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College football head coach: the most dangerous job in sports

Andy Talley led Villanova to an FCS title this past season, but his tips had nothing to do with coverages or hot routes. Talley, the Wildcats' coach for the past 25 years, saw in Alabama's Nick Saban a bit of his old self, so Talley told Saban a tale of a coach so obsessed with winning that he took everything else for granted. Until one excruciating day in 2002.

For Talley, then 58, the pain began under his sternum. He'd never felt anything like it, like something trying to gnaw its way out. Football coaches aren't supposed to show weakness, so Talley rode out the stabbing in his chest for a few hours. Finally, he told his wife they should go to the hospital.

The triage nurse didn't hesitate. As soon as the magic words -- chest pain -- passed Talley's lips, the doors opened. Before long, Talley lay on his back. A cardiologist hovered over him.

"You're having a heart attack, and you have a blood clot," Talley remembers the cardiologist saying. "This is very serious."

Despite the pain from his failing heart, Talley remembers precisely the thoughts that raced through his mind. "I'm really not interested in one more offensive play," he said. "I'm really not thinking about whether we're playing man or two-deep zone. I wasn't interested in one more hour in the office. What I was interested in at that point in time was my kids, my wife, my family, if I would ever see them again -- and where I was going to go if I died."

Saban, 58, said he left the luncheon with a little more perspective. But Talley knows Saban isn't the only grinder who might be working himself into an early grave in a job that grows more demanding with each passing year. Talley wants all the hard-driving coaches to hear his message so they won't need a near-death experience to understand there is more to life than the next play or the next recruit.

Most Division I head coaches reached this level because they're Type-A workaholics, but the ever-increasing demands on them have forced some to push themselves so hard that their health suffers. With 100-plus-hour workweeks, a recruiting cycle that covers the entire calendar and more media scrutiny than ever, college football head coach has become the most stressful job in sports. It also might be the most dangerous.

The grind isn't limited to the gridiron. Connecticut basketball coach Jim Calhoun, 67, announced Tuesday that he would take a leave of absence to resolve an undisclosed medical condition. In 2007, Wake Forest basketball coach Skip Prosser died of a heart attack at 56 shortly after returning from a recruiting trip. In 1998, Miami (Ohio) basketball coach Charlie Coles' heart stopped during a Mid-American Conference tournament game. Ten years later, Coles underwent a quadruple bypass at age 66. It's probably not a coincidence that Calhoun and Prosser's schools treat basketball the way most schools treat football.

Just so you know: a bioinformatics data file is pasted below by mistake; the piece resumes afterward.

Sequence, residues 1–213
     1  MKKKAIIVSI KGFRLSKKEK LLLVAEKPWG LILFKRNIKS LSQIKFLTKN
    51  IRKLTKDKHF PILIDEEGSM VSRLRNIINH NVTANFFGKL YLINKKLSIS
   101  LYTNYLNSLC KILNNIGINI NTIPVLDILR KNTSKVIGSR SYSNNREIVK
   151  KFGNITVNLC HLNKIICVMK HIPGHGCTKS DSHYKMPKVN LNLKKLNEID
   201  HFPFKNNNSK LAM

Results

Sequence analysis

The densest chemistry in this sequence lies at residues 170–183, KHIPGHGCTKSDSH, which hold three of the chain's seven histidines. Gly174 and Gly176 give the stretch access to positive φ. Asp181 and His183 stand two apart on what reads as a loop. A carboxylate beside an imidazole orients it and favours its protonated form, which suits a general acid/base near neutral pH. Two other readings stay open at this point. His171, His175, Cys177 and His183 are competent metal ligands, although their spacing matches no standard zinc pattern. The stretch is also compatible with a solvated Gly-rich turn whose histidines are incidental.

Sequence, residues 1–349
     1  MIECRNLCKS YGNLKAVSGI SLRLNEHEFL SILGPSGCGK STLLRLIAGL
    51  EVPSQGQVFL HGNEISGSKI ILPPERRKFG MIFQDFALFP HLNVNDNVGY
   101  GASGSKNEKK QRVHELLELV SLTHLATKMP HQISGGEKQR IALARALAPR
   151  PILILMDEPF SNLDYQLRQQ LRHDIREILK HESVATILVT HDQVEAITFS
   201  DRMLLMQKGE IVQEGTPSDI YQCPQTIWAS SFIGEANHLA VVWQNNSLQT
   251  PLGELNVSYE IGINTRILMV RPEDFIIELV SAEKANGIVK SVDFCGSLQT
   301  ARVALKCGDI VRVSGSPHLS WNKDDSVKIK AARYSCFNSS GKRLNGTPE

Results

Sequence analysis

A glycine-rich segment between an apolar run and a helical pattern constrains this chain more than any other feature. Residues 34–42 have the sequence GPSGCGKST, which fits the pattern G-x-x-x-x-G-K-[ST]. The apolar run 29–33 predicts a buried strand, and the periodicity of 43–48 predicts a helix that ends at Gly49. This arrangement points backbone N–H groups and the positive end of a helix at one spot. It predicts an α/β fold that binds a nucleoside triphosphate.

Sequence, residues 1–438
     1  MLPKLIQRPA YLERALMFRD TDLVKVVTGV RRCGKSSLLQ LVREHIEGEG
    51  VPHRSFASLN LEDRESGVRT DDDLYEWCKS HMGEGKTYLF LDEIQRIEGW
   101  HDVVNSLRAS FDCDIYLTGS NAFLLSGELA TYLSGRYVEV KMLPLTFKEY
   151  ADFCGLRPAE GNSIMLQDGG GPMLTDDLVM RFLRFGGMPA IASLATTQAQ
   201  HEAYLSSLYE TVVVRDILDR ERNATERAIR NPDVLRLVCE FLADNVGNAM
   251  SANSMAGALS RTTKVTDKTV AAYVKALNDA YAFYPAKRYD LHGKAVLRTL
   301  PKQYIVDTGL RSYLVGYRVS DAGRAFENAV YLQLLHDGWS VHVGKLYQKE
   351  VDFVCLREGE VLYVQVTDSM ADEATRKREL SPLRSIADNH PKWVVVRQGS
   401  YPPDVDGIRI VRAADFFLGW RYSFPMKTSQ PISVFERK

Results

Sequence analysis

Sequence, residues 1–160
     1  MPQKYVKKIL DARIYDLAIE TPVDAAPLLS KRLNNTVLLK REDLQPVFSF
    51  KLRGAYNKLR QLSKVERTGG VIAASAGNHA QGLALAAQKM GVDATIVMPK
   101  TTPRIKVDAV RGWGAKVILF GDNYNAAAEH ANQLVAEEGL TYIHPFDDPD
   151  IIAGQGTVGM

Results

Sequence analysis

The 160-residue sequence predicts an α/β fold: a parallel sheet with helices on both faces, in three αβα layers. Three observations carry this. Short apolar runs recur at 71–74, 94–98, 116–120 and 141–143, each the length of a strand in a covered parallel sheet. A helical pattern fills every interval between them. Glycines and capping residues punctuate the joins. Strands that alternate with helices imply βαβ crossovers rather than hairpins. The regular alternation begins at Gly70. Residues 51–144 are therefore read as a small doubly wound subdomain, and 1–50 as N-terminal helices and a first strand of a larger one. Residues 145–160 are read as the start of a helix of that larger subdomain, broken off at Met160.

At most schools, football is king, so the pressure on the football coach far outweighs the pressure on the basketball coach. The dynamics of the season only add to the stress. A basketball coach can lose a few games and still make the NCAA tournament. A football coach, especially at the highest level, is expected to win every game. And while basketball coaches spend more time on the road recruiting than their football counterparts, they only sign a handful of players a year. Football coaches must fight for 20-30 signees a year, and the recruitment of those players is covered almost as obsessively as the actual games.

Like most coaches, Talley has followed the case of Florida coach Urban Meyer, who nearly walked away from his program after chest pains put him in the hospital the night after the Gators lost to Alabama in the SEC title game. The stress of the season had caused Meyer, 45, to drop considerable weight, and he had suffered from periodic chest pain for years. Less than 24 hours after the stunning Dec. 26 announcement that Meyer would resign following the Sugar Bowl, Meyer coached the Gators in a practice and changed his mind. Instead, he would take an indefinite leave of absence. It's unclear whether that leave has actually begun; several recruits have reported multiple conversations with Meyer, who has been quite active in the assembly of Florida's class of 2010.

"He needs to be very careful," Talley said. "It's like the person who can't stay away from candy. I'm not going to do it anymore. And the next thing you know, they've got a Hershey bar in their hand." Last week, Talley said he has not reached out to Meyer personally, but he would welcome a conversation. Connecting the two men wouldn't be difficult. Florida running backs coach Stan Drayton is one of Talley's former assistants.

Meyer isn't the only coach whose work habits put him at risk. Nearly every Division I head coach puts in more than 100-hour weeks during the season and heavy recruiting periods. If anything, it's amazing more coaches haven't suffered heart attacks or more serious ailments as a result of stress and brutal work schedules. Northwestern's Randy Walker, a friend of Meyer's, died in June 2006 from a heart attack. (Walker had been diagnosed in 2004 with myocarditis, an inflammation of the heart usually caused by a viral infection.)

After he was fired by Ole Miss following the 2004 season, current Duke coach David Cutcliffe had taken the offensive coordinator job at Notre Dame, but he resigned after undergoing triple-bypass surgery in March 2005. Cutcliffe returned to work in 2006 as Tennessee's offensive coordinator, but with a daily workout regimen to help keep him healthy. Also in 2005, Georgia Tech coach Chan Gailey suffered a heart attack. He resumed coaching that same year. In October 2006, North Texas coach Darrell Dickey had a heart attack -- less than a year after he was diagnosed with diabetes. Dickey's suffering didn't end with his heart attack. He returned to the sideline after missing one game, and, less than a month after his trip to the emergency room, he was fired for a poor won-loss record.

That's the cutthroat world in which head coaches live. Even in the Sun Belt Conference, a school will jettison a coach who went into cardiac arrest weeks earlier. No wonder so many coaches sleep in their offices and either forget to eat or binge on fast foods and sugary snacks because it's all they can squeeze into their schedules.

Division I head football coaches aren't that different from CEOs in other industries. They govern dozens of employees and more than 100 unpaid employees, referred to by the NCAA as "student-athletes." In Meyer's case, he leads an organization that generated $66.l million in revenue during the 2008-09 school year, according to documents filed with the U.S. Department of Education. For comparison, consider another high-stress management position: CEO of a medical center. In 2007, a Philadelphia Business Journal survey of 71 area hospitals and health systems found the average tenure of a medical center CEO was 6.3 years and the median was five. For the 120 sitting head coaches in the FBS, the average tenure of the current head coach at his school is 3.9 seasons, while the median is two.